Wikis Revisited

So back in the day (July 9 and July 10 precisely), I was having trouble with the wiki not embedding in D2L, having it pop out and not stay in the frameset. What it came down to, and was something I wasn’t 100% sure of at the time, was that the MediaWiki version we were using was fairly old. After attempting two upgrades, we now have a wiki that stays in the box, but IE 7/8 break the login (especially on the deep frozen computers in our labs). That problem is part of the default settings of the browser, where you have to override the privacy settings through Tools > Internet Options > Privacy tab > Advanced > Override Automatic Cookie Handling.

settings for cookies in IE to keep logged into the wiki

So for now, we’re still having trouble with legacy versions of MediaWiki, but on my personal page, the latest MediaWiki install is great and works fine with most browsers. Thanks again to Barry Dahl for the inspiration to do this.

Another Reason To Use Twitter

So, it appears I’m a convert. Yep, a Twitterer. Perhaps just a twit. Anyways, people always ask me, “Why do people use it? Isn’t it just a waste of time?” Well, not always a waste of time. I posted on my Twitter account about the slow length of time that it had been taking for my Technorati claim to go through and really, I didn’t think anything of it. Sure, network traffic may be busy, claims may be going through the roof… holidays for workers… all sorts of options. Lo and behold, Technorati folks were listening. And I didn’t use a hashtag or any special thing. Twitter search must be OK.

Same sort of thing with MediaWiki, when I posted about my problems with an old install (which I also posted about here) they were quick to connect. Clearly, Web 2.0+ companies are paying attention. Facebook responded to the concerns over privacy which spread quickly through blogs and twitter. It will be interesting to see if older models of business are paying attention as well. I suspect the ones that are will be better able to survive the seismic shifts we’re still going to see before things settle down again (if they ever settle down again).


OK, so the problem I’ve been having is apparently because of a MediaWiki setting. Freakin’ great. Admin level settings force the page to not be embedded. I have to wait a couple weeks to see if the admin wants to change that setting, or if I have to use some other product.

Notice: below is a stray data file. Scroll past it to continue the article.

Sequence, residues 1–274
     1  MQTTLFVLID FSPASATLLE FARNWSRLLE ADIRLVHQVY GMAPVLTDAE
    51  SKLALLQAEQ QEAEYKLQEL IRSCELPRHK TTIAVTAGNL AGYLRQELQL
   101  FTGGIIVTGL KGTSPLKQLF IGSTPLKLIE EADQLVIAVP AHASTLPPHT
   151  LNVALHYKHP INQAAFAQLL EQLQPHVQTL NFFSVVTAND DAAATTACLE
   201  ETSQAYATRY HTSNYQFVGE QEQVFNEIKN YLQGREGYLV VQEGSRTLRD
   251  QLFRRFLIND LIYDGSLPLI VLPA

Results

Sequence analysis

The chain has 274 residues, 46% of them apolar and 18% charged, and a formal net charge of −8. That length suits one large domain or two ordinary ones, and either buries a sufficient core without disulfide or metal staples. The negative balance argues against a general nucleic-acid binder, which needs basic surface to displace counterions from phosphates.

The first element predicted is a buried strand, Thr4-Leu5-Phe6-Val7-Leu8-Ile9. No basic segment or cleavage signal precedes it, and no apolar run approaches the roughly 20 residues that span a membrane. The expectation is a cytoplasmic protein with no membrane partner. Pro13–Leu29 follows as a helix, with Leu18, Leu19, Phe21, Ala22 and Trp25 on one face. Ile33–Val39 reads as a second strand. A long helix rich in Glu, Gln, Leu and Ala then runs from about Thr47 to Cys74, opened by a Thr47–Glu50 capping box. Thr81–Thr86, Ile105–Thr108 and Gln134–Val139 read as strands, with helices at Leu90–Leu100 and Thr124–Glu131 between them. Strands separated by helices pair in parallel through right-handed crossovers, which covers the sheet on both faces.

Hmm, I suppose I’ll look back at this moment in a few months with a hearty guffaw, and muse “Oh Jon, there’s such a simple solution.” These are truly “first world problems” if I’ve ever heard them. Oh yeah, Barry Dahl’s video is incredibly useful, except it doesn’t actually show how he embeds the wiki in D2L – it basically shows you how to embed stuff in a wiki which is embedded in D2L. Close to what I need. Yes, I’ve e-mailed to see if Barry can help sort out my muddled mind, but venting never hurts.

EDIT: After a brief phone call, he’s still baffled, I’m ready to tear my moustache out.

I’ve been trying to embed a MediaWiki in my proposed D2L version of my Searching The Internet Effectively course. I’d like to constrict the opening of this page to remain in the frameset that D2L exists in so students can pop back and forth between the content that’s in the course, and the wiki to add their own content. Every method of embedding I’ve tried opens the wiki in a new page. I’m beginning to wonder if the damn thing is set to automatically open in a new page…. or maybe Firefox is overriding some weird thing. First of all framesets?? Give me a break. If framesets get deprecated anytime soon (as they should) D2L is in for a major redesign. Talk about a total head-scratcher.

Also, I hate IE. I thought when I got out of web design as a career that I could learn to like, accept, ok not hate IE. Wrong. IE is crap. IE 8 is OK passable, except that when you useĀ  the TinyMCE editor in D2L in an IE browser (IE 8 included), it strips out co-ordinates of an image map. And other attributes of the object tag. WTF??